I stood up once I got to the volunteers that had waded into the water.  Turns out they were there to help people step up onto the cement pad from the rocks because I slammed my big toe into the ledge of it and almost fell back over.  Ouch!  From there I ran to the wetsuit strippers as I pulled my wetsuit down to my hips! I dropped down on my back and the guy helping me had my wetsuit off with two big pulls!

The helix was packed with people! It is a long run from the swim start up the helix to transition, but the energy is insane! I heard Matt yell my name as I reached the top and I turned to wave! From volunteering last year in T1, I knew there was a huge rush of people coming into transition at 1:20 to 1:30 so my goal was to beat that rush. I picked up my bike clothes bag and ran into transition and I got my own volunteer.  She dumped my bag as I pulled off my swimsuit and pulled on my bike shorts. She helped me get my jersey on and stuffed my pockets with my nutrition.  I put on my socks then rubbed Aquaphor all over my behind while she stuffed everything back into my bag.  I grabbed my shoes and headed off to pick up my bike.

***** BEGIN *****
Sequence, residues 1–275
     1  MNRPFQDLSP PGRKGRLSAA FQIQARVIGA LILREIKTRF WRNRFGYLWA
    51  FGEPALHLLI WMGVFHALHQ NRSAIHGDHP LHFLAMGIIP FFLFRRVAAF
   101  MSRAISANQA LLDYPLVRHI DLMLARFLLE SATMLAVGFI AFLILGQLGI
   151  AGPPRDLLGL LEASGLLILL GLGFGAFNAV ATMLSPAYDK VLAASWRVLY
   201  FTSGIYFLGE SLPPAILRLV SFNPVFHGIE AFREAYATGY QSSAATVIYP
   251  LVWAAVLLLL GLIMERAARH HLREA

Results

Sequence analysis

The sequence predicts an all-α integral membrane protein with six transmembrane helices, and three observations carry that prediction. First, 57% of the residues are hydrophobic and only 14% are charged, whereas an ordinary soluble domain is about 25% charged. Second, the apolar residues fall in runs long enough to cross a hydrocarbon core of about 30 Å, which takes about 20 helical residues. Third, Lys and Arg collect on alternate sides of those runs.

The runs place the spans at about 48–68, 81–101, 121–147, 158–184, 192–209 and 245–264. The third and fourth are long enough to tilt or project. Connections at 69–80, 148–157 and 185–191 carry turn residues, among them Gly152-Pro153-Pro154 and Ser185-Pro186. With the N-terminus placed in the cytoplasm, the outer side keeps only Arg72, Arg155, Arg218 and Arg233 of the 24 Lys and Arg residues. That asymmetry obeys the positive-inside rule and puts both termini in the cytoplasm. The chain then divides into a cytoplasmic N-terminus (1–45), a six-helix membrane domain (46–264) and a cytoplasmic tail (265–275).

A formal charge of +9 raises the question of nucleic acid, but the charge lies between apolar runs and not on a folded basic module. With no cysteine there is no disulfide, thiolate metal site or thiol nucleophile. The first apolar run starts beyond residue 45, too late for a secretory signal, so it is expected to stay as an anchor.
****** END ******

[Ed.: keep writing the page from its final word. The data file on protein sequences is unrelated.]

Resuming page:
It is a long run through all the bikes so I opted to not put my shoes on till I got to my bike since I was near bike exit. As I was running I heard my name and saw Amy!  Did I mention I had superb spectators?

I yelled my bike number when I got close to my bike rack and a volunteer grabbed my bike while I put on my shoes! I ran with it to the mount line and began my ride!

Swim Time: 1:17:16
Pace: 2:00/100 m